The solar industry itself has also grown a lot during this time. As someone on the marketing side, how has the conversation around home solar changed over the past 5 years?
Solar has definitely exploded in the last few years – the popularization of the PPA (Power Purchasing Agreement) or lease model helped expand solar beyond the early adopters and to the mass market, and that’s really helped change the conversation. I think we still fight the perception that solar is expensive, but the fact of the matter is that a homeowner can have solar installed on their roof for zero dollars out of pocket, and the money that they pay for the energy those solar panels produce will be less than they pay today to their utility company. So that has opened up the possibility of solar to people who couldn’t have necessarily done it under a solely cash purchase model. And on top of the obvious financial benefits of solar, I think people are becoming more educated about the global importance of solar, the environmental impacts. So I think that’s also been more front-of-mind now than it used to be.

What’s your favorite part about working in the solar industry and at Trinity?
First and foremost, I know we are doing good work. We’re helping families and businesses save money, and they’re able to take that money that they used to just send to their utility company and now they can spend it in more meaningful ways or save it for their future, and I think that’s important. I also know that every system that we install helps our planet, so when we’re installing systems – and we have 20,000 systems installed – knowing the environmental impact that we’re making is a good feeling to have at the end of the day.

And at Trinity, we have not stopped improving our processes since the day I got here. It’s one of those things where we’re always looking at every single thing we do with a critical eye. Even when we have people telling us “You guys are best in class, you guys are the best in the industry, you’re the fastest,” that doesn’t stop us from looking at our processes and spending time trying to shave off every day that we can from the time that a customer says “Yes, I want to go solar,” to the moment we can get out there on their roof to get the panels installed, to the moment they can get the system turned on. And that’s also really invigorating, knowing that we’re always going to take a closer look at ourselves.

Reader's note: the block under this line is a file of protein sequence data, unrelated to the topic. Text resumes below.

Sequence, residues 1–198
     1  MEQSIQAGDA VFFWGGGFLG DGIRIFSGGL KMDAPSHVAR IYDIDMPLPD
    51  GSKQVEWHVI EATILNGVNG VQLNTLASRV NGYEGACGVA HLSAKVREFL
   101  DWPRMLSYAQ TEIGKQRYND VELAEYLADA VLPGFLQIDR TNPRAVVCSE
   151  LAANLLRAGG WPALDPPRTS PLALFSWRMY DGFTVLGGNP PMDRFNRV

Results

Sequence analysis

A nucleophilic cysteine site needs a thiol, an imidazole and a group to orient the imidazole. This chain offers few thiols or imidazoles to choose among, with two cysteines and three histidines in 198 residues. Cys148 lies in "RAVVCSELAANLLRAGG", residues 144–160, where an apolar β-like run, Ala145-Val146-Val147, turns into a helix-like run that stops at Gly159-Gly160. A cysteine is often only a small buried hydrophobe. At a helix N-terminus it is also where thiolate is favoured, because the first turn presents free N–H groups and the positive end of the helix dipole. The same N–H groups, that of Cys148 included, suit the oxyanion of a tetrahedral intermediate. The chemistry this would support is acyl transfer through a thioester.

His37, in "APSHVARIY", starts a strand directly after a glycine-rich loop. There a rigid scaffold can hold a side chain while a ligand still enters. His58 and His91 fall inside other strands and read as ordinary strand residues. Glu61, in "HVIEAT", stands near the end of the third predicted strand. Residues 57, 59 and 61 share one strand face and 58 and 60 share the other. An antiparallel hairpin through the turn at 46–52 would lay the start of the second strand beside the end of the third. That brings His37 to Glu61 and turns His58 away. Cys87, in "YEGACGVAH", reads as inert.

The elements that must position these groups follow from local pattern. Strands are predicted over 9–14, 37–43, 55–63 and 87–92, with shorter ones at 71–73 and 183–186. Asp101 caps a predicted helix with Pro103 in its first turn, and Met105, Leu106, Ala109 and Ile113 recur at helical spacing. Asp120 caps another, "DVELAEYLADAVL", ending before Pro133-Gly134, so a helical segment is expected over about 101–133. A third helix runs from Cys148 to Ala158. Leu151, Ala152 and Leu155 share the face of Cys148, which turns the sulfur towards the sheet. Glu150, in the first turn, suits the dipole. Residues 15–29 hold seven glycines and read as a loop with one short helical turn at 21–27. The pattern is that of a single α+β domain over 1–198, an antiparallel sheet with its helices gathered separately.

What’s next for you in your career at Trinity and what’s next for Trinity?
For me, it’s always been about continuing to improve our processes, and those are driven more than ever before by the technology that we can develop. What can we do for our sales teams to help make them more efficient so we can sell more systems, what can we do for our installation teams to make them more accurate so that they can spend less time on each installation, what can we do for our customers to keep them more informed and help them feel more engaged with the process?

So we’re developing our CRM so that the interface that the salespeople interact with is more intuitive, and can walk them through the process. We’re developing new training modules and we’re exploring VR, and we can track the views of videos for new training processes so that we can measure trainee performance as they’re hitting new milestones. And our design and engineering software has really come a long way in terms of automating what we can design, and the way that we’re able to assess a site and the site conditions.

Do you have any major interests or projects happening outside of Trinity?
Well, I got married in November, and we bought our first house last week. I was up til 10 o’clock last night painting a living room, so I think that’s going to be my life for a little bit!

So, as a new homeowner – are you going to get solar panels?
I am! As soon as I have enough electric bills to figure out what my usage is going to be, that’s my absolute first step. Having been at Trinity for so long I’ve been asked that question so many times, and my answer was always “Step one to owning solar is owning a house!” So now that I’ve finally taken step one… I haven’t even paid an electric bill, but I’m dreading it.

Finally, do you have a major role model or hero that you look to for inspiration?
There are a few that come to mind. First and foremost is my mother, she’s raised nine kids and I think we’ve all turned out pretty OK! And the grace and good humor that she exhibits every step of the way is something that always I look to in my own life – what would my mom do here? On a more global scale there are women like Oprah, who came from hardship and built herself up – and part of how she measures her success is whether her team is also finding success. I also admire her dedication to philanthropy, which is also important here at Trinity. I also admire Malala [Yousifazi], someone who also went through unspeakable hardship, and she doesn’t let that stop her, she doesn’t let her age stop her – she doesn’t let any of that get in the way and she speaks out for what is right, for the educational needs of young girls. It’s inspirational, and again she does it all with humor and grace and holds her own. SaveSaveSaveSave